MTOR/Slim - Mapping techniques
 

RenderMan permits texture-mapping, where an image (file texture) is mapped (fitted) to a surface or a part of it. In addition, RenderMan also makes use of computed maps to create shadows and reflections.
 

In this (last) class, we'll look at how to accomplish the following using MTOR/Slim:


Texture mapping

You typically use an 'ImageFile' Slim appearance to read in an image from disk and use it as a texture map in an R'man shader. Slim in addition also lets you derive texture-mapping coordinate information from a Maya utility shading node called 'place2dTexture'. So here's how to match Maya's texture-coordinates in RenderMan:


Shadows

Shadow maps are an efficient alternative to raytracing which is usually computationally expensive.

The idea is to create a light source (point, spot or directional) in Maya and attach a corresponding Slim shader to it, and turn on the shadow generation feature. Note that a spotlight or a directional light requires the computation of just a single shadowmap while a pointlight requires SIX maps.
 


Soft shadows

Here are the steps to achieve soft shadowing:


Reflections

Use reflection-mapping (and not environment-mapping) when you have a relatively planar, shiny object on which you want nearby objects to be reflected. Note that reflection maps are camera-dependent, so for an animating setup you need a map for each frame where there is relative movement.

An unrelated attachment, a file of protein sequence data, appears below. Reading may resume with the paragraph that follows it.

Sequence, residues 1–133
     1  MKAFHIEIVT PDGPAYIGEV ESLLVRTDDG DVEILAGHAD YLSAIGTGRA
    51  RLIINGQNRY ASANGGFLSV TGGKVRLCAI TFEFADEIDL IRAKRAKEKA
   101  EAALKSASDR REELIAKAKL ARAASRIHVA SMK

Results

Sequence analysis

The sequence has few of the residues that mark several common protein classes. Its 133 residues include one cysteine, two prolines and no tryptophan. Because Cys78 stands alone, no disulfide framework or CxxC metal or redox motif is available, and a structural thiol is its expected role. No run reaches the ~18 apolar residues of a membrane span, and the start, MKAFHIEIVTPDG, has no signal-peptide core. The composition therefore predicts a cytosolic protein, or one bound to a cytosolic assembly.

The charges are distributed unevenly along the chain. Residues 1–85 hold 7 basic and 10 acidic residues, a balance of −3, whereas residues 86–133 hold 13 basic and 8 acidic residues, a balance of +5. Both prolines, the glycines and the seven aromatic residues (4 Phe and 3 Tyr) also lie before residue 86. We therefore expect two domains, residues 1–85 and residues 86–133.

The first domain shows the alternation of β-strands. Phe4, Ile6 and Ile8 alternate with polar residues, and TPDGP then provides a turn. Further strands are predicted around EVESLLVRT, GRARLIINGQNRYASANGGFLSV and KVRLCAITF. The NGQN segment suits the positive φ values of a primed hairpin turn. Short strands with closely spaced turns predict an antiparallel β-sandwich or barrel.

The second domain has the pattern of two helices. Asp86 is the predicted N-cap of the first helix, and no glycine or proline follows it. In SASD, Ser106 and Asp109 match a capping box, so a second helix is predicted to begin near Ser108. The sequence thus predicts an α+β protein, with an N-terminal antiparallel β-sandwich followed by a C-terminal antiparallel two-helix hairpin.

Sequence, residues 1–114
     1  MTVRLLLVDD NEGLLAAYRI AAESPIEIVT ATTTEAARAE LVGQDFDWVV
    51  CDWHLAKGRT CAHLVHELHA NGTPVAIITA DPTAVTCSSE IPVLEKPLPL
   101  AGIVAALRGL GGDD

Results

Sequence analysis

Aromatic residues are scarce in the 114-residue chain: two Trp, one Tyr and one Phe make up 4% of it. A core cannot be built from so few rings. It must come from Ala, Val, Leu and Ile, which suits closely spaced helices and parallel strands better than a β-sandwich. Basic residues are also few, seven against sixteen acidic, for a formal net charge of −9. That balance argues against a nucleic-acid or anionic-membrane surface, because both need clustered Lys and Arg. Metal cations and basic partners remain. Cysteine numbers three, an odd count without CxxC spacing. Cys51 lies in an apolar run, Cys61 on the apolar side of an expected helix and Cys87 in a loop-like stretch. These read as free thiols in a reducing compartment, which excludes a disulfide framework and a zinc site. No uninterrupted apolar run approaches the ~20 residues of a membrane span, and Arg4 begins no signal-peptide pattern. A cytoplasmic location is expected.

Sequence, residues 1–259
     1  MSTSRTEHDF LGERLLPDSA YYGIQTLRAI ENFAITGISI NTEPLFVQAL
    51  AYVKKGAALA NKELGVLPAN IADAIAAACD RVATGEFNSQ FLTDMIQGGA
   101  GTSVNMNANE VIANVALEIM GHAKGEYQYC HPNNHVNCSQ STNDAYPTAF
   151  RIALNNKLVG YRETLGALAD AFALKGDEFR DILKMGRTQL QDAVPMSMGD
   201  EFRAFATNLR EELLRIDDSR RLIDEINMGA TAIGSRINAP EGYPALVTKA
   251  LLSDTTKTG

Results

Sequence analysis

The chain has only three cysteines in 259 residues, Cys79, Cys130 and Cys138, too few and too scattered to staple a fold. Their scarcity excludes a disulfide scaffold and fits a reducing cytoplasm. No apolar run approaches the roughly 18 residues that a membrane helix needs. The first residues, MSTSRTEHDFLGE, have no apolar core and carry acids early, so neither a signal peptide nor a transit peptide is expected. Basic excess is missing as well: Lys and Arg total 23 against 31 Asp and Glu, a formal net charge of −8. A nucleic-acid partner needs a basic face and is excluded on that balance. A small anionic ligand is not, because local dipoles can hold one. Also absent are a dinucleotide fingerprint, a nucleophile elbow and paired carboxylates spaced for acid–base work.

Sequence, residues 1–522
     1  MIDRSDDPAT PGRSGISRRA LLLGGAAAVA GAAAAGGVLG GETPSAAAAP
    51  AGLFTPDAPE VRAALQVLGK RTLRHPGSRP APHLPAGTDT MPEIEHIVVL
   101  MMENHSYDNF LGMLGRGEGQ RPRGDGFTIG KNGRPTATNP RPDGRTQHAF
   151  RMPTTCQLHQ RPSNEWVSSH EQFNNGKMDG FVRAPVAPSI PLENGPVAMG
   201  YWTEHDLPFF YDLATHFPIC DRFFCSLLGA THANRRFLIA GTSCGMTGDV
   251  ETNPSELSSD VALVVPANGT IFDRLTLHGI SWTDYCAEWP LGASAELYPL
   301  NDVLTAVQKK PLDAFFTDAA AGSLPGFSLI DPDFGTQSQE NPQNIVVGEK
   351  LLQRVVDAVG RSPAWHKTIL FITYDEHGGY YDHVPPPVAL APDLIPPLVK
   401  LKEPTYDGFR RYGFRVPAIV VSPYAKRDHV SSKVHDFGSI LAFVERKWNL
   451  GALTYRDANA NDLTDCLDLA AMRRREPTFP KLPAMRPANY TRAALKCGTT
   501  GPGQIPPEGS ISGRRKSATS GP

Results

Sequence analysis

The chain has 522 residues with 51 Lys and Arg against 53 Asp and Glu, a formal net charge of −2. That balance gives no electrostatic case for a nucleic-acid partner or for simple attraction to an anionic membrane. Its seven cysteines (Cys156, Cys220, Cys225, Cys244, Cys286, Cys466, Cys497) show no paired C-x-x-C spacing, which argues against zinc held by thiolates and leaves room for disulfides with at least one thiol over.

Environments

Environment mapping is useful when you have a curved object (as close to spherical as possible) that needs the scene around it to be realistically reflected on it.
 

Alternately, you can create an environment map yourself from your own images and then have the EnvMap node make use of it. Once you create such a map [with a .env extension, to follow R'Man conventions], simply point MTOR to it using the file-browser in the EnvMap appearance. The neat thing about this is that the sources of the input images can be anything including photographs, other scanned material, digital art, processed imagery, rendered images, etc., etc. Eg. if you want glowing Maya objects to be reflected in your RenderMan renders, the thing to do is to place a Maya camera in the center of the object that will receive the reflections [hide that object itself], and render 6 images by orienting the Maya camera along +X, -X, +Y, -Y, +Z and -Z. These 6 images can now be used to create an R'Man 'cubical' environment map (see below).

There are two kinds of environment maps that RenderMan recognizes - a 'latlong' map and a 'cubical' map. The latlong map can be likened to a map projection where a spherical view of the world has been flattened or unwrapped on to a plane. It is a good choice for outdoor scenes. In contrast, a cubical environment map is stitched together from 6 views at the point of projection (front, back, left, right, top, bottom) and is great for indoor scenes where rooms are usually cubical.

Creating a 'latlong' map:

Creating a 'cubical' map: